Felixstowe: Town honours its most notorious resident, Wallis Simpson

THERE is little left today of the Felixstowe that Wallis Simpson knew – and hated – but now the seaside town has something by which to remember its most notorious resident.

The five-bedroom seafront house where she stayed for just six weeks in 1936 is long gone, and she would recognise little of the seafront and town centre where she walked with her friends.

Now though the spot where Beach House stood in Undercliff Road East has been marked with a plaque, put up by the Felixstowe Society as part of a trail around the town recognising places connected with famous people.

Artist Pat Todd, who with her late husband Mike sponsored the plaque and also makes the plaques, said Mrs Simpson was always the first name people mentioned when talking about people linked with Felixstowe.

“It’s a real honour to make these plaques and this has been quite an exciting one to do because of all the history associated with it,” she said.


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“It is lovely that we now have Beach Place where Beach House once stood so that people can enjoy the views of the sea that Mrs Simpson once enjoyed or apparently didn’t enjoy.”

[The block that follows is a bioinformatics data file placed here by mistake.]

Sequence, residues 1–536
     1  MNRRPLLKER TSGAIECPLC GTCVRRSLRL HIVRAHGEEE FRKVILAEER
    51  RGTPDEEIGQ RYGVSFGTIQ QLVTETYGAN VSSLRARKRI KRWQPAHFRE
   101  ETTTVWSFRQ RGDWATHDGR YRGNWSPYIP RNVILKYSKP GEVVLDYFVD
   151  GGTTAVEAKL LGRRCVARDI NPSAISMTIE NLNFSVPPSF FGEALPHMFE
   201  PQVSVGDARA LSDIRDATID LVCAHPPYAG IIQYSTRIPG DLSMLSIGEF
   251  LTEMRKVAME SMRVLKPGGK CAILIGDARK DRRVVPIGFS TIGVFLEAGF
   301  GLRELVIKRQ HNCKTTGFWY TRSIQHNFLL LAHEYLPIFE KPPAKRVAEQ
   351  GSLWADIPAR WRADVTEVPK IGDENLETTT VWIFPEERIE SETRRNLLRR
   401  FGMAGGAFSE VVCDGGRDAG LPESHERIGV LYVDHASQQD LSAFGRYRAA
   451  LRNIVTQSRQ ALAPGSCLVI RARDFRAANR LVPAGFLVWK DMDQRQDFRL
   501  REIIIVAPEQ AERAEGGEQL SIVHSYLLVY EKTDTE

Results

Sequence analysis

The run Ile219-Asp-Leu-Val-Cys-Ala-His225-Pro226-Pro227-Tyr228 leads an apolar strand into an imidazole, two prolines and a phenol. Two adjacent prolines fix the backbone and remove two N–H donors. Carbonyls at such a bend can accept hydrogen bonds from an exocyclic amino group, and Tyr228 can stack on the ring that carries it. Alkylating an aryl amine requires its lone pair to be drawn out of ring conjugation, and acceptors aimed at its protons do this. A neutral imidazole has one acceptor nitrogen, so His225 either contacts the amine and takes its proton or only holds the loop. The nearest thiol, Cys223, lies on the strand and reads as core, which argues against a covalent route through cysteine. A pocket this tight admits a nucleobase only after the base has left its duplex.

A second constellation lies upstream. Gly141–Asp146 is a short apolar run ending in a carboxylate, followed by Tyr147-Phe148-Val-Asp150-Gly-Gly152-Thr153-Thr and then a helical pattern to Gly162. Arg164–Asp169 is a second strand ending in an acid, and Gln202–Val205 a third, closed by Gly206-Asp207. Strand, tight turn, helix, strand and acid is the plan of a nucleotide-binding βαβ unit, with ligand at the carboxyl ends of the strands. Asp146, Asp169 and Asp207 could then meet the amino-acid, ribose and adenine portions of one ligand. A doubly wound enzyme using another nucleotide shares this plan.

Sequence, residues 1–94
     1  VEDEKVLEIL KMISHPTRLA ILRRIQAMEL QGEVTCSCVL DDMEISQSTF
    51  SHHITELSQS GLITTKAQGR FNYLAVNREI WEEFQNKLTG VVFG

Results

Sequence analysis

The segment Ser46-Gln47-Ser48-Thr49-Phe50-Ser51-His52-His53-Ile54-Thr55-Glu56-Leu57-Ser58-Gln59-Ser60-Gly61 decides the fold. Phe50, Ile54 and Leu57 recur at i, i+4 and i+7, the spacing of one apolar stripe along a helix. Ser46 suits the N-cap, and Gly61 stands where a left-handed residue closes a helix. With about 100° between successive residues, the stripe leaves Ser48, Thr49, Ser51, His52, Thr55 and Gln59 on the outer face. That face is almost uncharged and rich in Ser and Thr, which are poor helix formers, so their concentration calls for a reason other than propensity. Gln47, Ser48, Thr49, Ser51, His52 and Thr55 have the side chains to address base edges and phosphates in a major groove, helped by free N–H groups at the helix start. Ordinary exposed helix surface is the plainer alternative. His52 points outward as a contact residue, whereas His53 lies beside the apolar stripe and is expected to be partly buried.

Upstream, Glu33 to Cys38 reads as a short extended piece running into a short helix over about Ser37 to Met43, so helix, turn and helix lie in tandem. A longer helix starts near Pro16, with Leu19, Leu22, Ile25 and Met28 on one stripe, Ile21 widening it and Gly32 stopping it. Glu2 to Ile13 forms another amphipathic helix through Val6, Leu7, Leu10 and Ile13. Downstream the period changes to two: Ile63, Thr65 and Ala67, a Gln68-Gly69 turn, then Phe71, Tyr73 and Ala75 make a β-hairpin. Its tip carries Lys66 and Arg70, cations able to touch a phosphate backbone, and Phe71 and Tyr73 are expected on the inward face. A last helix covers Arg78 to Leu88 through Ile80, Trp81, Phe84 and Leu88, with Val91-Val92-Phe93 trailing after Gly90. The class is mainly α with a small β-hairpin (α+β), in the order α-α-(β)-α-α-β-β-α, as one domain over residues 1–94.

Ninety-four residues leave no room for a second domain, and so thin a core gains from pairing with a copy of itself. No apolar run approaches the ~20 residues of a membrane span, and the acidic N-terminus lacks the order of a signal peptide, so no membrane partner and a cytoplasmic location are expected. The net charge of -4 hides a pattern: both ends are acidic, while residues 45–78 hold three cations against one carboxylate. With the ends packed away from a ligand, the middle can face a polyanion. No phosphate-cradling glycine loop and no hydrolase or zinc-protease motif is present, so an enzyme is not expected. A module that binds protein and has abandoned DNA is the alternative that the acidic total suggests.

Phil Hadwen, vice chairman of the Felixstowe Society, said there was still huge interest in Mrs Simpson’s connections with Felixstowe, although she only stayed as a residence requirement while her divorce went through at Ipswich at the height of the abdication crisis to allow her to marry Edward VIII when he gave up the throne.

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“Edward used to visit her while she was at Beach House – his plane would land at Brackenbury Cliffs and he would go to the Fludyers Hotel near the house to have a few pints with the locals,” said Mr Hadwen.

“She, of course, famously hated Beach House, which she thought was a hovel and Felixstowe was too isolated, too far from city life.”

The plaque is one of 12 the society has now put up to mark the resort’s associations with the famous including Lawrence of Arabia, the Empress of Germany, codebreaker Harry Fensom, Thomas Cavendish and Sir John Mills.

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